Brent crude futures is maintaining stability this Friday, with traders awaiting an OPEC+ meeting that might lead to further supply cuts. Brent crude was down 8 cents at $81.34 a barrel, following a 0.7% drop in the previous session.
Malaysian ringgit: no chances to recover?
2019-11-11 • Updated
Today we will have a look at the currency of the third-largest Southeast Asian economy – Malaysian ringgit. The ringgit as all emerging market currencies suffers a great depreciation because of the strong US dollar. On August 10, the USD set new highs at levels of July 2017. As a result, most of the currencies appeared under great pressure again. Does the Malaysian ringgit have chances to appreciate in such an environment?
It’s not a secret that to fight with the USD, the currency needs strong support. However, the ringgit is bad at that. According to the recent release of the industrial output data, chances for the ringgit are vanishing.
Industrial output growth pace in June declined the most in more than 4 years. The fall in mining activities caused a slowdown. Such data signals a moderate growth in the second quarter that brings risks of a slower extension in the upcoming months. Trade wars tensions are anticipated to keep affecting the Malaysian economy. According to an assessment of Deutsche Bank, the Malaysian currency is among the most sensitive to external shocks.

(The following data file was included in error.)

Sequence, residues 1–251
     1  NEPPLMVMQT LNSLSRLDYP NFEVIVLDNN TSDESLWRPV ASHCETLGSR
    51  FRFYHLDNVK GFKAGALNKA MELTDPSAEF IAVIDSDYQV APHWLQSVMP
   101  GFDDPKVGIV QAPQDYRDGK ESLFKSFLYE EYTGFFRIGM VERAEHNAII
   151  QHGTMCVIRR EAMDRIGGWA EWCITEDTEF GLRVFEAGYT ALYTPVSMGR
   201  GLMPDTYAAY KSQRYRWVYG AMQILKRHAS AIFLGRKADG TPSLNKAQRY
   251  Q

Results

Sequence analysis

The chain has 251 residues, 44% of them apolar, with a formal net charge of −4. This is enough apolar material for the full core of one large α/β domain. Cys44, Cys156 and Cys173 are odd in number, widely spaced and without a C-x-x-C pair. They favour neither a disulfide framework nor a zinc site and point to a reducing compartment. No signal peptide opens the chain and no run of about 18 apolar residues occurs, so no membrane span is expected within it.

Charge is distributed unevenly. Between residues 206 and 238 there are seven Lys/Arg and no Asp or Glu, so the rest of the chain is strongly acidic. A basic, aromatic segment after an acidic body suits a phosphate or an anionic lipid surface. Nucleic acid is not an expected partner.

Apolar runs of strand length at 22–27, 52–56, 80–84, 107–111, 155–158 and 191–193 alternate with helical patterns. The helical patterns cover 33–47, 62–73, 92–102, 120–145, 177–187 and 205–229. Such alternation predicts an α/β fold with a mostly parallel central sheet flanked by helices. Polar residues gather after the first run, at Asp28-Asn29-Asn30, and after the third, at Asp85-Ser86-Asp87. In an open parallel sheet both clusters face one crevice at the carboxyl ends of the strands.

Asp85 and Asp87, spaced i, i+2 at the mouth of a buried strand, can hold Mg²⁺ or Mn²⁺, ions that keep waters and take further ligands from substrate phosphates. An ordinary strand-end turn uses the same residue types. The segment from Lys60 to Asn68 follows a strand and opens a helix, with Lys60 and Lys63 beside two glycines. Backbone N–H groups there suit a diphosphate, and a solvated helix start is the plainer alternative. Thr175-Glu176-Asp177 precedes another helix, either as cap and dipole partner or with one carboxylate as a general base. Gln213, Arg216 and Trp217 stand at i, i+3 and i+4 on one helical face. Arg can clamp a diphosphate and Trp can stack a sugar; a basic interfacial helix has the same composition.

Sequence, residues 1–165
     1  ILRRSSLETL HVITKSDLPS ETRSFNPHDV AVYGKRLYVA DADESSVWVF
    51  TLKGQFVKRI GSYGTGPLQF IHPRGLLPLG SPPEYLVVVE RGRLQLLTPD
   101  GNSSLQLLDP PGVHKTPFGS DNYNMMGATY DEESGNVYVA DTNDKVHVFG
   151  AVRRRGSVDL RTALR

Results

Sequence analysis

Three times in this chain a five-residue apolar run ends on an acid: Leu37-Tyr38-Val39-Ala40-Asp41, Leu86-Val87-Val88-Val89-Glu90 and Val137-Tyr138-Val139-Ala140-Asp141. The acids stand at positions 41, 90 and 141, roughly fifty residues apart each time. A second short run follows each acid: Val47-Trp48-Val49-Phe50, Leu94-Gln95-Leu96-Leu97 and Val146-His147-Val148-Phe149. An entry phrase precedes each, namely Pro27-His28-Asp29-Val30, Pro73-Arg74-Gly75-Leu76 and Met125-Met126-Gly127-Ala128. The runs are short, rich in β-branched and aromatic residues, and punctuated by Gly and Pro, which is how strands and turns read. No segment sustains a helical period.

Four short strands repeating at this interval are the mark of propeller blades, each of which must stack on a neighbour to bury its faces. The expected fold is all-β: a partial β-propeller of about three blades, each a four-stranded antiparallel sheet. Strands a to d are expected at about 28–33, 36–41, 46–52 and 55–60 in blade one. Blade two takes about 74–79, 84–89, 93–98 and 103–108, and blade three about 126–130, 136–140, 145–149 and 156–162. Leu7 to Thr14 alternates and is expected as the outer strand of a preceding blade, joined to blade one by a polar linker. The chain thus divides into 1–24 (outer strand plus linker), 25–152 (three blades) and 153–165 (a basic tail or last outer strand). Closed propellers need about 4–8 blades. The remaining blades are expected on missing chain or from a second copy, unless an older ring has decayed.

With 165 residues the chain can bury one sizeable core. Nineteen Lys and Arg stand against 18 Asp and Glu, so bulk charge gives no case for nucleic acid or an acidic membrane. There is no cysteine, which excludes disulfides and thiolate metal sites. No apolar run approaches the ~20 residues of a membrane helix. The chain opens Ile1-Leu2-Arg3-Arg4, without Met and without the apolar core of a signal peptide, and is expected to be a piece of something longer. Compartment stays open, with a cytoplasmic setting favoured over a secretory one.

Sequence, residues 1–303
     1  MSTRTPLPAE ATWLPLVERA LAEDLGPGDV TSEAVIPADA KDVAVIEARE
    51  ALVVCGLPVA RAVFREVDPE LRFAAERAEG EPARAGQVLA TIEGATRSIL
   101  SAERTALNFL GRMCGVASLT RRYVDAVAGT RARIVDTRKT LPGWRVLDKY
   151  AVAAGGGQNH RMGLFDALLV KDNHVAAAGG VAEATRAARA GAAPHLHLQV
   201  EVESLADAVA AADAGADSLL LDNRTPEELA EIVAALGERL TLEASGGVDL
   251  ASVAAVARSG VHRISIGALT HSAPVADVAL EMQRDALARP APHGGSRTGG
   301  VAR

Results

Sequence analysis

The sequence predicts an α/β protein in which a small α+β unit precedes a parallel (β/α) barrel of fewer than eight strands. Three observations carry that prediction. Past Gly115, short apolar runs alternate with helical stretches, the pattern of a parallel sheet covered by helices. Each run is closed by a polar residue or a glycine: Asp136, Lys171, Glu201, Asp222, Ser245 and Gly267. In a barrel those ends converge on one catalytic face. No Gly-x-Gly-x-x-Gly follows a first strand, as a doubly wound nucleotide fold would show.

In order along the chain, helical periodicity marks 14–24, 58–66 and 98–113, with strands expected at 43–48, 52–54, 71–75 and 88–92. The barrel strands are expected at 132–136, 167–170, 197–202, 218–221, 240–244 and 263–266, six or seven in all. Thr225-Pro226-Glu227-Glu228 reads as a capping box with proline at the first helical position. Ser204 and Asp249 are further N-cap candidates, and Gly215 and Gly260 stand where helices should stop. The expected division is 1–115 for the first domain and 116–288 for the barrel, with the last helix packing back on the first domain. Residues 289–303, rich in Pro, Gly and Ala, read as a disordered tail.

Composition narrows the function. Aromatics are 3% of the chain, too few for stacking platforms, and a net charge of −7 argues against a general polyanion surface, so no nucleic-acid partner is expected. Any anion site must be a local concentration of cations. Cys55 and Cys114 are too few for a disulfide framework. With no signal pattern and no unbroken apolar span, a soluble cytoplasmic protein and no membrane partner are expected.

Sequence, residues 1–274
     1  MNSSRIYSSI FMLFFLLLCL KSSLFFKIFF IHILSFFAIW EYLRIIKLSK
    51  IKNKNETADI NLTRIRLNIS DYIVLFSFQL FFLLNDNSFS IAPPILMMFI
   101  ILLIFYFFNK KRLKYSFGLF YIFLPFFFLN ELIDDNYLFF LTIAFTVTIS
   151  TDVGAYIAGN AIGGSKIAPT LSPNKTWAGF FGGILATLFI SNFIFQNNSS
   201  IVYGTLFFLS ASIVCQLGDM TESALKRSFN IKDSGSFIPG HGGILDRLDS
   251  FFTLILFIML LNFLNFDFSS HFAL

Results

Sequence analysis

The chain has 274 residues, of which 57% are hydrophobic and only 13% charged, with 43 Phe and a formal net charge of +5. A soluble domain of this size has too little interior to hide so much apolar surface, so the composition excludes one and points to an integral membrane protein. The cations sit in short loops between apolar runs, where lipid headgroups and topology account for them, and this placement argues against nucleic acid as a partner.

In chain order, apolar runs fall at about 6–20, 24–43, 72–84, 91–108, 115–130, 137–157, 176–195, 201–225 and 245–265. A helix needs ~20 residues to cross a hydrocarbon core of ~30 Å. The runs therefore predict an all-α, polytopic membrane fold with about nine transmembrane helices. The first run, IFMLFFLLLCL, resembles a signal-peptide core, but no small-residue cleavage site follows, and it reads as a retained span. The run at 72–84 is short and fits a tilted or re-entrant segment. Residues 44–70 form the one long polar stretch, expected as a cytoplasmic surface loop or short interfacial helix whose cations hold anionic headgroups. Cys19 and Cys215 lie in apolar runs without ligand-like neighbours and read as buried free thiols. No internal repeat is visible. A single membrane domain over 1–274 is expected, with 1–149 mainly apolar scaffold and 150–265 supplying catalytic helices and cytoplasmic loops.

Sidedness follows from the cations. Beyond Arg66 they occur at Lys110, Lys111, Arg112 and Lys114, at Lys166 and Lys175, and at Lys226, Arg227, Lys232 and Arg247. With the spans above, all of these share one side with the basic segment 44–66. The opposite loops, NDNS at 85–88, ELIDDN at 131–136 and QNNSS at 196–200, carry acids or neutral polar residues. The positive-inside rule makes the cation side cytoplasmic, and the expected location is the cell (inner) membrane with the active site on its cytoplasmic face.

The market will look at the GDP data that will be released on August 16. Such authoritative financial institutions as Nomura and Barclays forecast a decline in the economic growth in the second quarter. Barclays bets on the dipping below 5%. Nomura anticipates 4.7% year-on-year GDP growth. Such forecasts create risks of the dovish central bank. Whether the central bank keeps the interest rate on hold or cuts it, the Malaysian ringgit will be at bigger risk.
We should mention that purchases of Malaysian bonds by foreigners increased in July. It seems to be a positive signal for the Malaysian economy. A reversal in foreign flows will ease pressure on the Malaysian ringgit. However, according to the forecast of the UOB economist, the strong USD and escalating trade tensions won’t let the ringgit to become stable. A further slight decline is anticipated.
What should traders do?
Although the Malaysian ringgit is anticipated to stay weak, traders have other chances to boost their profit. The USD overperforms. The Fed is anticipated to raise the interest rate at least 2 additional times this year. As a result, traders should take into consideration such highly volatile pairs as EUR/USD, USD/JPY and shouldn’t forget about commodity currencies that will keep depreciating while trade tensions are escalating.
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